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Ref. 1432

H. DASSON

Cabinet-maker & Bronze-caster
(1825-1896)

Important «Enfant Guerrier» Mantel Clock

Signed and dated Henry Dasson 1877
France
1877
Height: 63 cm (24.3/4 in.); Width: 64 cm (25 in.); Depth: 29 cm (111/3 in.)

Rare gilt and patinated bronze and marquetry on ebony mantel clock representing an “enfant guerrier”. The upper part is composed of a putto, leaning on the face of the clock, wearing a helmet and holding a gladiator sword. The lower part is constituted of a lovely ebony base embellished by a copper and brown tortoiseshell marquetry in the “Boulle” style and ornamented with a gilt bronze satire head in the middle. Rests on four chiseled and gilded bronze lion feet decorated by a foliage decor.

Another gilded bronze, marble and wood mantel clock, signed Henry Dasson for the clock and Bouchardon 1731 on the marble sculpture.

Dasson Bouchardon

signature Bouchardon

 Biographies

As a cabinet-maker and a bronze-caster, Henry Dasson executed in his Paris workshop sumptuous copies of royal 18th century models and some pieces of his own modified 18th century design. He used for his pieces of furniture and « objets d’art » the very finest ormolu mounts with high quality mercurial gilding. He purchased the firm of the cabinet-maker Charles Winckelsen upon his death in 1871 and mainly produced in the Louis XV and Louis XVI style. His participation at the Paris 1878 Universal Exhibition was highly remarked with a Louis XVI style table, all in bronze and considered as a « chasing masterpiece », and a copy of the famous King Louis XV desk (original piece exhibited at the Versailles Castle). At the 1889 Universal Exhibition, he won a « Grand Prix » for his beautiful furniture.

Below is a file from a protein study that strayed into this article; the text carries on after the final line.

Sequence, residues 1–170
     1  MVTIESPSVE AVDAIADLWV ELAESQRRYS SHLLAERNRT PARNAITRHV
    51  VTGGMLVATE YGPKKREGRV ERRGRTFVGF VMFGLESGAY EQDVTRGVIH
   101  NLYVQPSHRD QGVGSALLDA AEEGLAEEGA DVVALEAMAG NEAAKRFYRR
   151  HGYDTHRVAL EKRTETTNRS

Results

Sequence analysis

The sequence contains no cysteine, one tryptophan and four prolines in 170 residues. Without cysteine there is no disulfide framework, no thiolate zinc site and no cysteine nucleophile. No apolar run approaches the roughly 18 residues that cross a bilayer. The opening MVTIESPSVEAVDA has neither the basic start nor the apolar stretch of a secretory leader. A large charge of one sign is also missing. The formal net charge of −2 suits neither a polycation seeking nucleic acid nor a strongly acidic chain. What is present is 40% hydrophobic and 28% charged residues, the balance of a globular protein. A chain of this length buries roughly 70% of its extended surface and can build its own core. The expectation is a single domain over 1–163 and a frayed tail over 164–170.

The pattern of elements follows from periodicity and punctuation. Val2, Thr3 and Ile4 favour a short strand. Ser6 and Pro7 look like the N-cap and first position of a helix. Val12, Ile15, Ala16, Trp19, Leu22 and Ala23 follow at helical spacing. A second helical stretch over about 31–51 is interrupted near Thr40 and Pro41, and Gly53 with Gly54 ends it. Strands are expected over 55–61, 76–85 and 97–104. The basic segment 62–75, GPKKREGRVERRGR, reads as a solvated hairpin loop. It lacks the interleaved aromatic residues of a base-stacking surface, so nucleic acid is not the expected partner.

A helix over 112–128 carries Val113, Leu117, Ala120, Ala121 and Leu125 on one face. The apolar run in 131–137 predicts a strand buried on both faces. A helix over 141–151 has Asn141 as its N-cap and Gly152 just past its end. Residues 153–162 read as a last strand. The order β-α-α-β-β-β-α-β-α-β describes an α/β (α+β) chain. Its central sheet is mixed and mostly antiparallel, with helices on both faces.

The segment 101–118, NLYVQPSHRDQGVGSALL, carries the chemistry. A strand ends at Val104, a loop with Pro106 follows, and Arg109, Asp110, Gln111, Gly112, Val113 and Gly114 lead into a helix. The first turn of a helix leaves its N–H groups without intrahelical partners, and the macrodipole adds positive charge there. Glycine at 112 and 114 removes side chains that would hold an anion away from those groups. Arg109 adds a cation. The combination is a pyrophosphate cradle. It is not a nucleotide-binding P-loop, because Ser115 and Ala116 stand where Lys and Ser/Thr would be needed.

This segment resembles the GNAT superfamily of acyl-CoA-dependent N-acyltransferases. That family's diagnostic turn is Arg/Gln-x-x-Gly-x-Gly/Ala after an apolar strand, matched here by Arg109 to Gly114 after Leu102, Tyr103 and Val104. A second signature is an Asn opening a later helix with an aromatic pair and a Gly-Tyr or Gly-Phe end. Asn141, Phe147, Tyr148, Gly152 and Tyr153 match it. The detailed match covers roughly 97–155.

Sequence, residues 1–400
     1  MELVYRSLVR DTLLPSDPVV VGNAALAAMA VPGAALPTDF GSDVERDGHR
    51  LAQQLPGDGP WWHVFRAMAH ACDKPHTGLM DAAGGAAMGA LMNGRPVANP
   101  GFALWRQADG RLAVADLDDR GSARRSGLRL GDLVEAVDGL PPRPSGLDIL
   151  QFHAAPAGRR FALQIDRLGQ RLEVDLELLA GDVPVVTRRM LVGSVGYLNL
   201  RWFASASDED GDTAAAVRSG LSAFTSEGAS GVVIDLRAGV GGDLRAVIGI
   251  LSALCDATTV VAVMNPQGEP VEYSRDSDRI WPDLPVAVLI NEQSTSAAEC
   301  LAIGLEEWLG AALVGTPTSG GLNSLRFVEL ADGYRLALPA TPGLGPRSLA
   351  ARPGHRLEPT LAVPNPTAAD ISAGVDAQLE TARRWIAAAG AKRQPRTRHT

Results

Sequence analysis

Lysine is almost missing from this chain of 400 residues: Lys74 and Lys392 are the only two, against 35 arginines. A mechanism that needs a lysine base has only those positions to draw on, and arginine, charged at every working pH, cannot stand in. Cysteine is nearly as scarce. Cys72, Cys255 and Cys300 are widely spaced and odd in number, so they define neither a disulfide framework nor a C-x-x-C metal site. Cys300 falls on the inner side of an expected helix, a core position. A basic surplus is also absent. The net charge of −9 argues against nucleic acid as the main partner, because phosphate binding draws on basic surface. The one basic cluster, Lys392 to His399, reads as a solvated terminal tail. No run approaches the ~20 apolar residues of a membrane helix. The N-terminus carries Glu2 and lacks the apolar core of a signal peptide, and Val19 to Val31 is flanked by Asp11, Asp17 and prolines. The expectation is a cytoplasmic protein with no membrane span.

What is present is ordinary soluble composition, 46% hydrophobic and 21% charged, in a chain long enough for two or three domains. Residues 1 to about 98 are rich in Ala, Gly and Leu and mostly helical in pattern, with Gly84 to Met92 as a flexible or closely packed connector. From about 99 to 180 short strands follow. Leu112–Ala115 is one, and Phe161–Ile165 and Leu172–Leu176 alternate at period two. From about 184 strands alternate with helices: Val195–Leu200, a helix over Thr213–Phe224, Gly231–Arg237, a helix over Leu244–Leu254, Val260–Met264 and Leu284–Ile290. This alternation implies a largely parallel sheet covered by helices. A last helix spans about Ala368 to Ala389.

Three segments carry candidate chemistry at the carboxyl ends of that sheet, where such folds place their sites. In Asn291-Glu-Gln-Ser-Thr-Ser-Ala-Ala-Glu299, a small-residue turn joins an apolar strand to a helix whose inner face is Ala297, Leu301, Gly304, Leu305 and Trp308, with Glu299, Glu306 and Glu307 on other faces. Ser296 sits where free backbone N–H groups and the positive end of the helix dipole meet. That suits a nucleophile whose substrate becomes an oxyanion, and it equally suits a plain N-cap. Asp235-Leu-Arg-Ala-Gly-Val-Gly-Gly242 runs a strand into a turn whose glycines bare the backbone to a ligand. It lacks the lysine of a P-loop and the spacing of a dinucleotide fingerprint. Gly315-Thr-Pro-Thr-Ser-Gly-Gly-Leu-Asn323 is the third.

Starting his apprenticeship with his sculptor-architect father, Edmé Bouchardon later enters Guillaume Coustou’s workshop. Thank to the First Sculpture Award received in 1722, Edmé Bouchardon leaves for Rome in 1723. The reputation acquired thanks to his works in Rome precedes his arrival in Paris, where he is integrated to the Royal Academy upon his return in 1733, conferring him the title of Sculptor of the King. Among his prestigious works can be mentioned the statues of the Saint-Sulpice church ‘s choir in Paris, the fountain, Rue de Grenelle executed between 1739 and 1745, then between 1740 and 1750, L’amour se taillant un arc dans la massue d’Hercule currently displayed at the Louvre Museum.

 

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